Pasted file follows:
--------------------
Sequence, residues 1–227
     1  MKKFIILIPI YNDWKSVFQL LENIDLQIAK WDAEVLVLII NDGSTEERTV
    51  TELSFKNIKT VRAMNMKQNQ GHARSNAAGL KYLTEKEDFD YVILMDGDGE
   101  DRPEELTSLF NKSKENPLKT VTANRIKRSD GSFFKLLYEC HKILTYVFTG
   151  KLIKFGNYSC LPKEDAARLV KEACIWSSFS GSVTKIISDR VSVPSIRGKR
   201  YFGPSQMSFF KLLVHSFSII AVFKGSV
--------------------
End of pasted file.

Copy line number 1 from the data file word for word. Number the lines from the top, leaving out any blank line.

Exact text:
Sequence, residues 1–227